Blaser R8 for Dangerous Game

Opposite Pole

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What is the method of attachment between the stock and the recoil pad?
Meaning are they wood screws with plastic anchors OR machine screws with a metal insert sunk into the wood/synthetic?
Either way, the stock may need to be shortened to ~12.5 - 13 inches LOP.
I know she will like the rifle, it's a matter of fit...and for the price it should fit correctly without me having to make modifications.
From the specs I've seen there is no significant difference between the standard LOP and the one on the "Compact" & "Intuition".

Anyone out there make LOP modifications to the stock after purchase?

My pro success uses machine screws
 

BeeMaa

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My pro success uses machine screws
Didn't think they would be using wood screws and plastic inserts on a $5K firearm, but you never know.
Thank you sir.
 

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Just returned from my third annual Safari in RSA and turned 74 the day I returned. I was only infected by Africa Safari Fever 2 years ago and who knows the number if their days, so I will return every year until I cannot. No DG this year but a variety of PG from Blue Wildebeest to Zebra all taken with my R8 Professional with a standard .375 H&H barrel. I have other barrels but none in classic African Calibers and wanted to be a bit of a traditionalist. The R8 preformed flawlessly as always and was a joy to shoot. On the way home one day, the PH stoped the land cruiser near the sight-in range and challenged us to hit the 10" steel targets at 317 yards. My 375 has a Leupold VX5HD 2-10X42 with a CDS dial and allowed me to hit the steel plates with two relatively rapid shots. I was reluctant to shoot as 317 yards is further than I have ever shot at anything and did not want to miss, but the scope/rifle combo with the excellent R8 trigger did the trick. Get an R8 mount an appropriate scope and have a lot of fun.

I saw a YouTube video of a cape buffalo hunter trying to turn the bolt of an R8 to put another bullet into his cape buffalo. He spent 2-3 long seconds before he remembered that he had an R8 and quickly reloaded and fired. If you have always been a turn bolt user, I would suggest buying a Browning T-Bolt with a laminated stock and heavy barrel in 22WMR as the action is almost identical to that of the R8 and you can shoot an awful lot, building muscle memory, for a very little money. It will surely help your muscles to do the right thing when your brain is flooded with adrenaline!!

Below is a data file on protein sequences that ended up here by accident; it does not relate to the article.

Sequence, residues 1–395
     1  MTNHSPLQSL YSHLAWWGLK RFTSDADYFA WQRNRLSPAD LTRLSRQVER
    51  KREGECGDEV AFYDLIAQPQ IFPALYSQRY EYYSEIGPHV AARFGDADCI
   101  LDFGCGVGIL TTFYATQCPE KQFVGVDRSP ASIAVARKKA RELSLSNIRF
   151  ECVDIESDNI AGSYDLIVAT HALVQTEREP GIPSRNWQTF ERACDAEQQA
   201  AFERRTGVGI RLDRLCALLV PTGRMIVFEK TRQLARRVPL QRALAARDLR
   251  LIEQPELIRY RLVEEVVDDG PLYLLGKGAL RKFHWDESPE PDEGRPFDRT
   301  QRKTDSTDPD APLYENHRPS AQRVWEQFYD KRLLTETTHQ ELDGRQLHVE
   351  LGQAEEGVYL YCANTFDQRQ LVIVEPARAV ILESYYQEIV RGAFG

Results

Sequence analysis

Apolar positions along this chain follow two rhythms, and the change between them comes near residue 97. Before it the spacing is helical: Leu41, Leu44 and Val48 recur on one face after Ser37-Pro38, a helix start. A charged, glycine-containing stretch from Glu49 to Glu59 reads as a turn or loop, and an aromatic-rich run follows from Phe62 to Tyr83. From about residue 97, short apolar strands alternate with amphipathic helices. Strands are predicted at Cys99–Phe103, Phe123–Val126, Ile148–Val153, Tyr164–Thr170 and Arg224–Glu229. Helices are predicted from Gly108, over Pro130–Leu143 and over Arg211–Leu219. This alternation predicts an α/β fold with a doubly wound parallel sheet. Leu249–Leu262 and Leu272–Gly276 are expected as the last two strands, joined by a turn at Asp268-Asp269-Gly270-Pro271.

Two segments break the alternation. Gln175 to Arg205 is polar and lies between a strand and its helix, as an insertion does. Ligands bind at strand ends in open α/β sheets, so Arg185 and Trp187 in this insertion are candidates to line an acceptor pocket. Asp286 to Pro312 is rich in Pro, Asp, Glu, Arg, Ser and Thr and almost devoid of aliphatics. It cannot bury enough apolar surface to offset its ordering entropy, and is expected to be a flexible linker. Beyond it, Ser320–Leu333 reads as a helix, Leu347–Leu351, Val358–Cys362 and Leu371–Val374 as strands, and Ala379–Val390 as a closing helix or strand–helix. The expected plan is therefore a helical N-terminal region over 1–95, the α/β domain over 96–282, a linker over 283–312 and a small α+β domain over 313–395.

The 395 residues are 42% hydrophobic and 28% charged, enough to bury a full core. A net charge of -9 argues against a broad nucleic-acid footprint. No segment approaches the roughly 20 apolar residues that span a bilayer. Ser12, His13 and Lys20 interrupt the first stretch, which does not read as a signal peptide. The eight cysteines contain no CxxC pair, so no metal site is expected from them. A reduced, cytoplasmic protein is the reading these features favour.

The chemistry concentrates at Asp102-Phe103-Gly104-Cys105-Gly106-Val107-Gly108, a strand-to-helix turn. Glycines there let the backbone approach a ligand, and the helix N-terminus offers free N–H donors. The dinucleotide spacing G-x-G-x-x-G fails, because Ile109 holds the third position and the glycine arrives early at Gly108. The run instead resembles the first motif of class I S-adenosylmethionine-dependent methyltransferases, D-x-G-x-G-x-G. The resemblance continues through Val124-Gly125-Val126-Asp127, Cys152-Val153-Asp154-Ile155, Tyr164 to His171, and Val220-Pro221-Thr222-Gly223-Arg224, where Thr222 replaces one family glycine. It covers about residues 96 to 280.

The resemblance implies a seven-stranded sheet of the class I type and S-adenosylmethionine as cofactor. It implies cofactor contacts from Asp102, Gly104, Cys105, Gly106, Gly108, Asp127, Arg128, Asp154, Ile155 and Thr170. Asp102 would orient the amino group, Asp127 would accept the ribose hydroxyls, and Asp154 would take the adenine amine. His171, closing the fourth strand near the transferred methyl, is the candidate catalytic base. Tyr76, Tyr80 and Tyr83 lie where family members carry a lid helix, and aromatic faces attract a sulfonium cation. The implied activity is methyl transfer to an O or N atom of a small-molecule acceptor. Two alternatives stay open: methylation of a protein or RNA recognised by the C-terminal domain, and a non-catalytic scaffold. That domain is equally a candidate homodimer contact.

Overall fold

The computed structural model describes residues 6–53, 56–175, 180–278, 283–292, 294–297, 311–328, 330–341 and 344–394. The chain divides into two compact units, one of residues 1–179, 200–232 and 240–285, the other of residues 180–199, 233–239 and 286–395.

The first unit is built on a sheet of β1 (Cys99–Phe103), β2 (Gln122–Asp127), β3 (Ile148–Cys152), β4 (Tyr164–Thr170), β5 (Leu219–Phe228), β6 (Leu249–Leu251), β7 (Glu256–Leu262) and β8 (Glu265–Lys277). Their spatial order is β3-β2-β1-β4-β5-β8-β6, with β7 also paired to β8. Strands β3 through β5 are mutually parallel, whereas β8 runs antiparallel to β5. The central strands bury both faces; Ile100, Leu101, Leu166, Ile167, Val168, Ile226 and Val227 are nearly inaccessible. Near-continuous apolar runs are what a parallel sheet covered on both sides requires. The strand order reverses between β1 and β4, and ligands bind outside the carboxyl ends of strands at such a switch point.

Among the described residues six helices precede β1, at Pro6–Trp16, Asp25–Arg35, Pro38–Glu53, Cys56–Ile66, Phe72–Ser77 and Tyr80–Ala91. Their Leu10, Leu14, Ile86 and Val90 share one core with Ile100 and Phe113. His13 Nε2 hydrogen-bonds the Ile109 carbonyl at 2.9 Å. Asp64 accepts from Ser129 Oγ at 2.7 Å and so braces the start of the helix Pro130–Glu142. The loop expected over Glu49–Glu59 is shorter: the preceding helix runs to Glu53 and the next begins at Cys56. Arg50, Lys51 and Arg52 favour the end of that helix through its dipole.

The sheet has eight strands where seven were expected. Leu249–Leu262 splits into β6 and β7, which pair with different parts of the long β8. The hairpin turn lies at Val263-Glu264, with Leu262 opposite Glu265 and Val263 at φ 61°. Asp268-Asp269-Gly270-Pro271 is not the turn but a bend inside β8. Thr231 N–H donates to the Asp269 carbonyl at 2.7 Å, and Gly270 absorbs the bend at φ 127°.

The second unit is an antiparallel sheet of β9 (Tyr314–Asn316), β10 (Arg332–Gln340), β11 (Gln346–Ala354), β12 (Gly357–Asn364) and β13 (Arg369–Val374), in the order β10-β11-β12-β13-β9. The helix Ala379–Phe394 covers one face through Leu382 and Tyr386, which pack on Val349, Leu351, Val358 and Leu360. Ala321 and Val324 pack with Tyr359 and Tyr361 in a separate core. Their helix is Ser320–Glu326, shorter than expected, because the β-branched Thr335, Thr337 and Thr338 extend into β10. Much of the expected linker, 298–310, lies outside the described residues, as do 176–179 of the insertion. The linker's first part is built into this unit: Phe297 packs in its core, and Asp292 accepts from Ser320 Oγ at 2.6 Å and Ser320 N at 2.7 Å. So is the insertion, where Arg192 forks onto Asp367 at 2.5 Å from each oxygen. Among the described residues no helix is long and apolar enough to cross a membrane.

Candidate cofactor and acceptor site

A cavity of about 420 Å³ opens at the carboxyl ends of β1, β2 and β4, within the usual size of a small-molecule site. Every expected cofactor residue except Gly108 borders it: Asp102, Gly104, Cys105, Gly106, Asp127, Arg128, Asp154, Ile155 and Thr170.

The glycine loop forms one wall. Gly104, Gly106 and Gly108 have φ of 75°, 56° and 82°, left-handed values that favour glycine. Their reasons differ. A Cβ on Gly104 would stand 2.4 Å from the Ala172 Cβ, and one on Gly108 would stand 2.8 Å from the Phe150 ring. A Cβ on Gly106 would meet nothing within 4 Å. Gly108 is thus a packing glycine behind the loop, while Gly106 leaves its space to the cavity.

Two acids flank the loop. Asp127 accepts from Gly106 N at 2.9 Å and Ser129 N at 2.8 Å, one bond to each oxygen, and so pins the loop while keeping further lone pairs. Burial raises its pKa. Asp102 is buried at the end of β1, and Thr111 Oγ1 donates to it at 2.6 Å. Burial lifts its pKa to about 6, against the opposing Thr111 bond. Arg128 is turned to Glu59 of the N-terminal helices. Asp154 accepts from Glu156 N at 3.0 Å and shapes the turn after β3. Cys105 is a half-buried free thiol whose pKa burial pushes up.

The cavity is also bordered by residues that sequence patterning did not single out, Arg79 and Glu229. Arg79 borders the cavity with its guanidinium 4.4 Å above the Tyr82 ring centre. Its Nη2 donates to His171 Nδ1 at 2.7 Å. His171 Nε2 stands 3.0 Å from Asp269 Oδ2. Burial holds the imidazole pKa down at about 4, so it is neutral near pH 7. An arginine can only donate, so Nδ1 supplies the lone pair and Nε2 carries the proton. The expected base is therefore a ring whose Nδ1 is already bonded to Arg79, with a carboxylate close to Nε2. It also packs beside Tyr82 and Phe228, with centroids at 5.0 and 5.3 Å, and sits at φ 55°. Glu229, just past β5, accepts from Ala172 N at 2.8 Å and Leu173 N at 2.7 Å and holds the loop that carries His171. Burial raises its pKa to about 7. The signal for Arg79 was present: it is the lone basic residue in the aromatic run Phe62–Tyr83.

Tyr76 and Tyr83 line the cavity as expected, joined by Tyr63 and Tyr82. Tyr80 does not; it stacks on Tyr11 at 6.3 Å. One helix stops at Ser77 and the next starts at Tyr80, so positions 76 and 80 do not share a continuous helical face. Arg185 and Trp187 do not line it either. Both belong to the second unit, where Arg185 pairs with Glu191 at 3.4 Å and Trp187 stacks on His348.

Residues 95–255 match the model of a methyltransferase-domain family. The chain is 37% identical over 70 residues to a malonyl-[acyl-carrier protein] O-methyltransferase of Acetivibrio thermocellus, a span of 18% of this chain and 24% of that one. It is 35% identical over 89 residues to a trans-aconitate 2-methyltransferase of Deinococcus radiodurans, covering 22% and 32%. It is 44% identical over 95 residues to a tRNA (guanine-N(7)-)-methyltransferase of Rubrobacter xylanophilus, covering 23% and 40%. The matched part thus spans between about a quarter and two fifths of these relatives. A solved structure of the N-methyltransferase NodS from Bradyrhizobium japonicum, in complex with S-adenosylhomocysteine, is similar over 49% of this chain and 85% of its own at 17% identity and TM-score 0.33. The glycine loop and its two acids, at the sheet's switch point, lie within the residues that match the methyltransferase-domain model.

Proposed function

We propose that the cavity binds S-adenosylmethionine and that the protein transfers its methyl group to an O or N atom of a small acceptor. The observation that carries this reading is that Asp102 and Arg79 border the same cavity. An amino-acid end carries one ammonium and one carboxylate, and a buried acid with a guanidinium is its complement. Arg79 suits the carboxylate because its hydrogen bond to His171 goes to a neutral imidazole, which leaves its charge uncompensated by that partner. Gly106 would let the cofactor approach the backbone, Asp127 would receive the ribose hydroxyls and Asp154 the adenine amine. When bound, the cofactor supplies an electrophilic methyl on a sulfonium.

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What is the method of attachment between the stock and the recoil pad?
Meaning are they wood screws with plastic anchors OR machine screws with a metal insert sunk into the wood/synthetic?
Either way, the stock may need to be shortened to ~12.5 - 13 inches LOP.
I know she will like the rifle, it's a matter of fit...and for the price it should fit correctly without me having to make modifications.
From the specs I've seen there is no significant difference between the standard LOP and the one on the "Compact" & "Intuition".

Anyone out there make LOP modifications to the stock after purchase?
The Pro Success is about 14.5” LOP out of the box and I need about 15.75”. Other models may vary on LOP. To add the spacers just take a small Phillips screwdriver and remove the screws to take off the recoil pad. There are no visible holes in the recoil pad so you just have to carefully find them. The spacers come with longer screws that tap right into the same holes. LOP is always an issue for me and usually a trip to the gunsmith $ and waiting but not with the Blaser!
 

Philip Glass

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Just returned from my third annual Safari in RSA and turned 74 the day I returned. I was only infected by Africa Safari Fever 2 years ago and who knows the number if their days, so I will return every year until I cannot. No DG this year but a variety of PG from Blue Wildebeest to Zebra all taken with my R8 Professional with a standard .375 H&H barrel. I have other barrels but none in classic African Calibers and wanted to be a bit of a traditionalist. The R8 preformed flawlessly as always and was a joy to shoot. On the way home one day, the PH stoped the land cruiser near the sight-in range and challenged us to hit the 10" steel targets at 317 yards. My 375 has a Leupold VX5HD 2-10X42 with a CDS dial and allowed me to hit the steel plates with two relatively rapid shots. I was reluctant to shoot as 317 yards is further than I have ever shot at anything and did not want to miss, but the scope/rifle combo with the excellent R8 trigger did the trick. Get an R8 mount an appropriate scope and have a lot of fun.